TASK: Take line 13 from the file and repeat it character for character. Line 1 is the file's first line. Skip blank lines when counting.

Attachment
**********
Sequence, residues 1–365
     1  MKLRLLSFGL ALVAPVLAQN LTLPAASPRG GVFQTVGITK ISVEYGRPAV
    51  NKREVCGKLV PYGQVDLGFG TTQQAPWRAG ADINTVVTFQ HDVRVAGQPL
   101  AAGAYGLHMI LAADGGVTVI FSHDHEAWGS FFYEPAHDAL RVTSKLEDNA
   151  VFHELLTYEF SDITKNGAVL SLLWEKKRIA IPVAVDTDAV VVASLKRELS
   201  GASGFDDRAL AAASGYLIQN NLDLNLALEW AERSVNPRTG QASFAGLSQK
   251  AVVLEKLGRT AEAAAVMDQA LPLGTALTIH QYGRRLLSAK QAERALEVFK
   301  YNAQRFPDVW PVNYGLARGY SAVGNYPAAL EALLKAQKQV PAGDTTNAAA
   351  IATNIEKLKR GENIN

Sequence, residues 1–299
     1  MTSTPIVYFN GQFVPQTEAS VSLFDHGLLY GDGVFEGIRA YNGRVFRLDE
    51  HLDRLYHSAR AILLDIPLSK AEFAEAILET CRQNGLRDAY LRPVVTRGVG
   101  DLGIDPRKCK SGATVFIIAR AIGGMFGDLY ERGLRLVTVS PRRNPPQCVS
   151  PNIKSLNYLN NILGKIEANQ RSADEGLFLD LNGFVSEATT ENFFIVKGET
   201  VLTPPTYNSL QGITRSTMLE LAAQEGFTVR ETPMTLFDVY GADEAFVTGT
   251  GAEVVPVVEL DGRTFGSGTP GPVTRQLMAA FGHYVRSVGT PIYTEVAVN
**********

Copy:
   101  DLGIDPRKCK SGATVFIIAR AIGGMFGDLY ERGLRLVTVS PRRNPPQCVS